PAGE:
I Got a Speeding Ticket

However, I learned a great new trick in the process! The holidays are over, and apparently I was in a hurry to get home from Christmas dinner. This was evidenced by one last christmas card that arrived from my car leasing agency:

Dear Mr. Van Brakel,

Below you will find a link with important information regarding a traffic violation. This concerns the vehicle with registration number X-XXX-XX. If desired, you can pay for the traffic violation quickly and safely with PayPal.

You can view your traffic violation via this link: Click here

Pay NowStatus


Car leasing agency

Of course, I was not too happy to see the picture included with this email since it was clearly of me. So, being the good citizen that I am, I paid the bill — and I did so immediately since there was a big chance I would forget otherwise.

After paying, I reopened the email and noticed that the question mark icon had changed to a green check mark.

Pay NowStatus

This caught me by surprise since I always presumed emails are static. How did they manage to include live content that changes based on the payment status? Let’s find out together what exactly is possible in an email and what the different methods are to incorporate these methods in your own emails.

How It Works

The first thing I did to find out how the changing icon works was look at the email source code, and it really looked quite normal. Just like any other image, the icon is fetched from a server. No JavaScript or any other tricks are being used. The only thing that set it apart was that the path for the email contained a unique identifier:


This identifier is probably linked to my invoice, and when I paid my invoice, a background process replaced the question mark with the green check. The background process, in combination with the caching policy, which is set to the following:

cache-control: no-cache, no-store, max-age=0, must-revalidate

means that the icon can’t be saved on the client’s device and instead needs to be fetched from the server. This ensures that each time the email is opened, the newest version of the image is displayed, and you can therefore see the current status of your invoice.

My speeding ticket incident provided a clear example of how changing email content can be used and why. It helps to give the user either a sense of urgency (with the question mark) or confirmation that the invoice was already paid (with the check mark).

Countdown Timers

The example I shared uses a static image to show live content, but while researching how all of this works, I began to wonder if there are other options to show live content. It turns out there are! One example that appears all over the internet is the countdown timer. This is primarily used in marketing emails, to indicate the end date of a sale, for example.

Countdown Timer Example Generated with: https://www.sendtric.com

As seen above, GIFs are used for countdowns. This makes the email feel even more alive; however, if you have seen such a countdown in the wild, you probably didn’t notice that the timer resets itself after a minute (or a few minutes — it varies). As everything on the web it needs to be optimised for slow connections. And by using a limited timespan it keeps the file size low. Since the more frames the GIF contains, the bigger it gets.

That’s why the rules of the status-showing icon apply here as well. Each time you open the email, a request is made to the server that hosts the GIF, and it quickly generates a new version containing one minute of a countdown. That’s what you see in your email. Some platforms even offer options to show specific images for when the timer has run out or different times based on the user’s time zone.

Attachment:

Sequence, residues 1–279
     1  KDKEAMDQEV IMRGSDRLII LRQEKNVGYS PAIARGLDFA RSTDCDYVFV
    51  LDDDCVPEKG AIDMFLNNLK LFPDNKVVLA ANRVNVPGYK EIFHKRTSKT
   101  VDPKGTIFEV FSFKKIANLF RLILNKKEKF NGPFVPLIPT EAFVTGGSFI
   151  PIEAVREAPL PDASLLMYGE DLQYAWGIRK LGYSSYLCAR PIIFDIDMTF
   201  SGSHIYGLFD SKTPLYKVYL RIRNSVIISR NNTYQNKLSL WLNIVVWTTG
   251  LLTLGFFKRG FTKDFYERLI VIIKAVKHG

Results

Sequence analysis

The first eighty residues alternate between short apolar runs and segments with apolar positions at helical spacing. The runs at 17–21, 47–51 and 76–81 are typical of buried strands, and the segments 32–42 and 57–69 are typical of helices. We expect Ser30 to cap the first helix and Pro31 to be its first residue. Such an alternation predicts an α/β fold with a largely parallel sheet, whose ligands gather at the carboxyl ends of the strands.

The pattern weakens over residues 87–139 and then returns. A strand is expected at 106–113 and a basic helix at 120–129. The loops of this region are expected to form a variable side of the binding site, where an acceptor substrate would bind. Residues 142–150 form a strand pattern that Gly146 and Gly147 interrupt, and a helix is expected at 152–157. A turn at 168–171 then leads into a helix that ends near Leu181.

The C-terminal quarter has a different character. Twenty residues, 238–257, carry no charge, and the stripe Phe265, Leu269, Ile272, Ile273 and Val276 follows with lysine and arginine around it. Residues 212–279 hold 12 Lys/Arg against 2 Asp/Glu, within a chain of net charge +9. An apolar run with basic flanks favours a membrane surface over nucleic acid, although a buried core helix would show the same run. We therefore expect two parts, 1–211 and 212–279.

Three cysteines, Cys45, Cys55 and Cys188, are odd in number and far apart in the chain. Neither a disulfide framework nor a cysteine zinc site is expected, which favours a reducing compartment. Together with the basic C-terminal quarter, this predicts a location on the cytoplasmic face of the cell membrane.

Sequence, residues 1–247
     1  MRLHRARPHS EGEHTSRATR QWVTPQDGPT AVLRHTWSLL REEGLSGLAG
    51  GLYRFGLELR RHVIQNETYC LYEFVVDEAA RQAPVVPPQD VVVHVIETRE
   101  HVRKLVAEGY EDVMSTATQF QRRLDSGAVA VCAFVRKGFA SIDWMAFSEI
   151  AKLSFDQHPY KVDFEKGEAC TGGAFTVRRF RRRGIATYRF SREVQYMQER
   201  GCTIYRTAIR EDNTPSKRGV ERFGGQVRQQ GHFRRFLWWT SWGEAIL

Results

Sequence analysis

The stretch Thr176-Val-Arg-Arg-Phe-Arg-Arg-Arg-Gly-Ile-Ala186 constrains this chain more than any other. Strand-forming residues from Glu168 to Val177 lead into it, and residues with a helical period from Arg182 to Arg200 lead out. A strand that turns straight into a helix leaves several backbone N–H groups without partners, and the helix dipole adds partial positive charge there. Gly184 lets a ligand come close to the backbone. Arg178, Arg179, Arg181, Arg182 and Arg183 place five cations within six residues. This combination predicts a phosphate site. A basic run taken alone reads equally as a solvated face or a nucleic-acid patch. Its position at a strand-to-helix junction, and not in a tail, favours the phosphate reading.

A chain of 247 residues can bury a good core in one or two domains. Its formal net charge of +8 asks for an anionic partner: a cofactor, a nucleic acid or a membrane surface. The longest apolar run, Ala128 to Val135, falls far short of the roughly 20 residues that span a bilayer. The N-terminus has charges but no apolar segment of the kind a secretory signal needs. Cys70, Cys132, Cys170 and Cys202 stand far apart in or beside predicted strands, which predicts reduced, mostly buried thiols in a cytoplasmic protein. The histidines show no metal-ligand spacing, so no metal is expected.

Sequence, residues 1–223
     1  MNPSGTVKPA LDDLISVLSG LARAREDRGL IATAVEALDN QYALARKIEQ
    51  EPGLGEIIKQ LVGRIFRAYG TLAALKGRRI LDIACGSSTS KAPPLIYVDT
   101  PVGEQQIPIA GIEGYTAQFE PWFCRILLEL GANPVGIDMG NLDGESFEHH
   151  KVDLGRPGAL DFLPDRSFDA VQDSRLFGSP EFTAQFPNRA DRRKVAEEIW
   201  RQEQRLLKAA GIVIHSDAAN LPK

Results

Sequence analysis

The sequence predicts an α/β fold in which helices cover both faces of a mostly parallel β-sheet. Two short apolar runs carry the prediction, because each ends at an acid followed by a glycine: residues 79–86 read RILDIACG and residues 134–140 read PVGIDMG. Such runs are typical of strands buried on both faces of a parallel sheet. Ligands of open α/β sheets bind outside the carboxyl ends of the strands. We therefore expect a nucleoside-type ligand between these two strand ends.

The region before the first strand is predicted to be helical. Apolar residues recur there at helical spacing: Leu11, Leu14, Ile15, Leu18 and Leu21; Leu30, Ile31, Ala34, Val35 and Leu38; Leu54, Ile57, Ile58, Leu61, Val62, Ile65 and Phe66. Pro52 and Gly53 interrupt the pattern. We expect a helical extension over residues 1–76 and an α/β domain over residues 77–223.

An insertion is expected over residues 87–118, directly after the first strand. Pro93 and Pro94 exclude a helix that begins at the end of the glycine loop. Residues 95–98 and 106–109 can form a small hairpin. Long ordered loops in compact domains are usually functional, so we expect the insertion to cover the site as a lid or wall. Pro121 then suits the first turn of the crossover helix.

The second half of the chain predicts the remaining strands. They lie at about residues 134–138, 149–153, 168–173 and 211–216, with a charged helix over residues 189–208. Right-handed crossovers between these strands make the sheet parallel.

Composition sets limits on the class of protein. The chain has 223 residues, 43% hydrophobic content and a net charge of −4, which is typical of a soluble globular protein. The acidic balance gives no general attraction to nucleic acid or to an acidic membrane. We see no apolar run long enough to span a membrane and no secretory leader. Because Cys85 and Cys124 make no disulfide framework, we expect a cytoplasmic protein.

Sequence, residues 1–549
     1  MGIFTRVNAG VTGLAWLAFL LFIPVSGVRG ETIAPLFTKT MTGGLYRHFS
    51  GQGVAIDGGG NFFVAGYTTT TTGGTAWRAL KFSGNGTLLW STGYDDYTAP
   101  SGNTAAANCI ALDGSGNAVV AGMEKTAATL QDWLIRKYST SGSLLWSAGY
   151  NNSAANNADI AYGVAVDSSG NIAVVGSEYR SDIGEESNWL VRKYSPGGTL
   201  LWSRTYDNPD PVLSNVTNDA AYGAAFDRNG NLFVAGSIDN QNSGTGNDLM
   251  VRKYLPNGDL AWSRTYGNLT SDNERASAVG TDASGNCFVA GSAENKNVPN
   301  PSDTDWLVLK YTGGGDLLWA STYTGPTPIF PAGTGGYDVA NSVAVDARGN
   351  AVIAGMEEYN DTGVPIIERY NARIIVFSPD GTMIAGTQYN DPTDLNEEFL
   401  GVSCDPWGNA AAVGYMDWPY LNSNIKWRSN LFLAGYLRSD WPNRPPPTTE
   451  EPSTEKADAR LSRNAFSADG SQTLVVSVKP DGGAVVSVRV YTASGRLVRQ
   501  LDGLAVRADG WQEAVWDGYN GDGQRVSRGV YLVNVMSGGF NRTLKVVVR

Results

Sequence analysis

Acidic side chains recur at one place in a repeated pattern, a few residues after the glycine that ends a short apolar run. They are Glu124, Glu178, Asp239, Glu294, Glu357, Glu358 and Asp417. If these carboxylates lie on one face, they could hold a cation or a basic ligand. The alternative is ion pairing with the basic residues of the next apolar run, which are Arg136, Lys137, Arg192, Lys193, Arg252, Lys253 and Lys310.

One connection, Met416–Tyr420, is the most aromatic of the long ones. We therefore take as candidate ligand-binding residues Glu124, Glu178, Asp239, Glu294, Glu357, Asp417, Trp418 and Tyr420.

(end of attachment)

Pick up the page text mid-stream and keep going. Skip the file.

Images and GIFs

Now we’ve seen how one simple technique is used to add live information to emails that could previously only contain static information from the moment they were sent. This technique can be used in infinite ways. Things like live weather reports, poll results and even inventory updates are all possible.

But if you’re feeling brave and want to see even more complex solutions, I would recommend you read the following blog. It is a great post from the marketing platform Litmus where they explain how to include a live twitter feed that uses CSS files to update their tweets. They roughly use the same principles that are described in the previous paragraphs.

One drawback of the implementation described above or the one explained by Litmus is that the images, GIFs or CSS files are only loaded once. If a user keeps the email open for a long time, it can show a countdown that is out of sync or the wrong status icon. However, this is not a problem for most use cases, since emails are normally only opened for a brief period of time.


I’ve only dipped my toes into the world of email development, but it’s been great to learn more about this topic. Because of the many limitations set out by email clients, developers have created a number of innovative solutions for displaying live content.

I can’t wait to dive deeper into this topic myself. From third party tracking pixels (images) that notify the sender when an image was loaded and thus opened by the receiver, honeypots to see if your inbox is compromised, serving different kind of images based on screen formats or a plan b image in case you need to rectify something in an already send email.

If you have any questions or would like to read something else on a related subject,, feel free to place a comment below and maybe it will be addressed in my next post.


Live data in emails is primarily used by showing images or GIFs with a cache policy set to not save anything. The server is responsible for replacing the image with a version that shows the most up-to-date status. There are more complex methods to do this — for example, by using CSS files — but those are not as widely supported as using images or GIFs.

Cover image by: Michael Schwarzenberger